Psychosocial factors are strong predictors of delayed recovery and other adverse outcomes in patients with work-related injuries.
A recent white paper from the Workers’ Compensation Research Institute (WCRI) examines the correlations between a worker’s mental health and the time it takes to recover from a physical workplace injury.
The paper, A Primer on Behavioral Health Care in Workers’ Compensation, uses information obtained from open-ended interviews with mental health care professionals, health care providers, employers, employment attorneys, and workers’ compensation insurers. It also derives from a review of selected national and state occupational health treatment guidelines.
Studies have shown that early identification and treatment of pre-existing behavioral risk factors and those caused by a work-related injury will result in improved outcomes.
The Colorado Division of Workers’ Compensation suggests that 3 to 10 percent of all injured workers may experience delayed recovery related to behavioral health issues.
Behavioral health barriers
Concerns about the impact of behavioral health problems on work-related injuries have increased in recent years as studies estimate that 30% to 50% of adults experience a mental illness in their lifetime.
Common psychosocial issues that hinder recovery may include:
- Poor recovery expectations after injury,
- Fear of new pain and injury
- Perceived injustice
- Dissatisfaction at work
- Low motivation
- Lack of family and community support
For some workers, poor recovery expectations become a self-fulfilling prophecy. Fear of pain may be more disabling than pain itself, consistent with chronic pain and dysfunction.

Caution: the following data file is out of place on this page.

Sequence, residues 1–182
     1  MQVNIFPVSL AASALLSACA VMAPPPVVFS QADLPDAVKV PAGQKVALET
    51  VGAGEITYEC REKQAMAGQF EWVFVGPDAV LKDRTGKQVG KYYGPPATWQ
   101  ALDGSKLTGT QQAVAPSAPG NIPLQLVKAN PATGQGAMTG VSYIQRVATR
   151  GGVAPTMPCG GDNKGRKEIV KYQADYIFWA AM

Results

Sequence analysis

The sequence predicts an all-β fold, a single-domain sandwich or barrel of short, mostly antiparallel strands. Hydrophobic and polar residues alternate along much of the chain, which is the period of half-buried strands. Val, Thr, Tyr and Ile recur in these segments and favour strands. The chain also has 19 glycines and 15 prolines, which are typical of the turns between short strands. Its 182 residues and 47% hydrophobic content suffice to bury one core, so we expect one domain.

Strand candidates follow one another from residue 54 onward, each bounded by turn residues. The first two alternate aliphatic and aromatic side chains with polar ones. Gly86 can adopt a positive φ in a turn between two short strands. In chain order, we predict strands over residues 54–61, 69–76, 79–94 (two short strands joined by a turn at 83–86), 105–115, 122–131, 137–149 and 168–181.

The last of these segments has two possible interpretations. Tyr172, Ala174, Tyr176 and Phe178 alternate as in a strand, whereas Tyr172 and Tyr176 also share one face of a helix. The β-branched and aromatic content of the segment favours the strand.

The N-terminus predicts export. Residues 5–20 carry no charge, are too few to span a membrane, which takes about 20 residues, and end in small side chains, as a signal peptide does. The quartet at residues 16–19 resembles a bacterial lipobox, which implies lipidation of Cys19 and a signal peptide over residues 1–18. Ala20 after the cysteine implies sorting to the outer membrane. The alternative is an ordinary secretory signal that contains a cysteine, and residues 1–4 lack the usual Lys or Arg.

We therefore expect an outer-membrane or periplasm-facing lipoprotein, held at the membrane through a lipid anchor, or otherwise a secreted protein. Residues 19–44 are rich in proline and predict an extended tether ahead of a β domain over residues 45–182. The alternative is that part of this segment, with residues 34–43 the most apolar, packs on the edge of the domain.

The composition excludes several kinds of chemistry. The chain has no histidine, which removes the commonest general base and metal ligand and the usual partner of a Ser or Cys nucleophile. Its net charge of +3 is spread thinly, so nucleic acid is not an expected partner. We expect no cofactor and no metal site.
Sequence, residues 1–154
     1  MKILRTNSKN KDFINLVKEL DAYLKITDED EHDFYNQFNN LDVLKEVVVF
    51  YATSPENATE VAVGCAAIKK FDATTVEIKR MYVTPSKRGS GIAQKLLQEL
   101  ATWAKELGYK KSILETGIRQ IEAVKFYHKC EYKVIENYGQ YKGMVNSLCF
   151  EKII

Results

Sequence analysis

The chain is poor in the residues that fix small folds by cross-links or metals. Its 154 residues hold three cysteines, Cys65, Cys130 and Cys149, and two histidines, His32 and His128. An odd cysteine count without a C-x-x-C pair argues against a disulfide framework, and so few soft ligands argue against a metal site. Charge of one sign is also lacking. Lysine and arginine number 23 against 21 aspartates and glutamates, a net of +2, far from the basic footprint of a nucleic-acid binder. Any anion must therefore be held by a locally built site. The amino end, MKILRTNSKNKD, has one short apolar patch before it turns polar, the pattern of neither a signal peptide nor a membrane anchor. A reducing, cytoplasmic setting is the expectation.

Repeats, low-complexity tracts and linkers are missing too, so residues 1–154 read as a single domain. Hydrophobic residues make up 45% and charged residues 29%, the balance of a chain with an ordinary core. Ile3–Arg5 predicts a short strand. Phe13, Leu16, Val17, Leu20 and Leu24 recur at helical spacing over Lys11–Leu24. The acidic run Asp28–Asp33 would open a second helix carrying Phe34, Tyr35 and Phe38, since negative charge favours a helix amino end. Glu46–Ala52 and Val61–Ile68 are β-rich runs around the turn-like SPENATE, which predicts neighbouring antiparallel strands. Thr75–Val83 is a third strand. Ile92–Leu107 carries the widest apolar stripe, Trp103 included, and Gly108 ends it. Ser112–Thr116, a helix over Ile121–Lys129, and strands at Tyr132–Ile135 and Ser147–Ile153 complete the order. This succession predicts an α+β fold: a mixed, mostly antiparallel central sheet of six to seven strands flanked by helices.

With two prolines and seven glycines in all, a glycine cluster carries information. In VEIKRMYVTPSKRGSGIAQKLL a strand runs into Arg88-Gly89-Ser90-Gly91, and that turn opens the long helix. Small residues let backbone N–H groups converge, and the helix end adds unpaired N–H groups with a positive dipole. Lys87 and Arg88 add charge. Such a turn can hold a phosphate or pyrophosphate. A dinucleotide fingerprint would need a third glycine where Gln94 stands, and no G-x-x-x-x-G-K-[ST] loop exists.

Job satisfaction before the injury also comes into play. About one in four workers surveyed reported that they were not at all or somewhat satisfied with their job at the time of the injury, and 27% said they feared being fired after a work-related injury. Having a lower level of confidence in the workplace makes employees recover more slowly and possibly even less likely to work after an injury.
The cycle of pain and mental health issues
Some studies show that poor behavioral health increases the likelihood of developing physical conditions and vice versa.
Up to 85% of patients with chronic pain are affected by major depression. They show a poorer prognosis than those with chronic pain alone. Workers may report feeling depressed, stressed, and anxious about a new injury.
Depression and stress disorders, whether stemming from workplace injury or existing, can contribute to chronic pain, which slows or masks healing.
The first steps
Workers’ compensation stakeholders recognize the importance of unaddressed behavioral health issues and how they can delay a worker’s recovery, return to work and medical costs after an injury.
Early identification of mental health factors is important to assess how they may affect an employee’s recovery. Early mental health intervention can be key to minimizing the time an employee needs to recover.
For example, the Washington State Department of Labor and Industry Guidelines recommend risk factor screening at two to six weeks of lost time after an injury. The Colorado back pain guidelines recommend behavioral health screenings as a routine part of care or when psychosocial factors appear to be influencing recovery.
The WCRI study describes and references specific testing protocols that can help identify specific issues and put employees on a course for recovery.
Help can come in the form of educating patients, teaching them self-management strategies, and referring them to behavioral health specialists.
An evaluation is recommended during follow-up care if the expected improvement is not observed within six weeks after the injury and if the validity of the symptoms cannot be determined by objective data.
A Primer on Behavioral Health Care in Workers’ Compensation by Vennela Thumula and Sebastian Negrusa is available for download at https://www.wcrinet.org/reports/a-primer-on-behavioral-health-care-in-workers -compensation. A fee is required for non-members.
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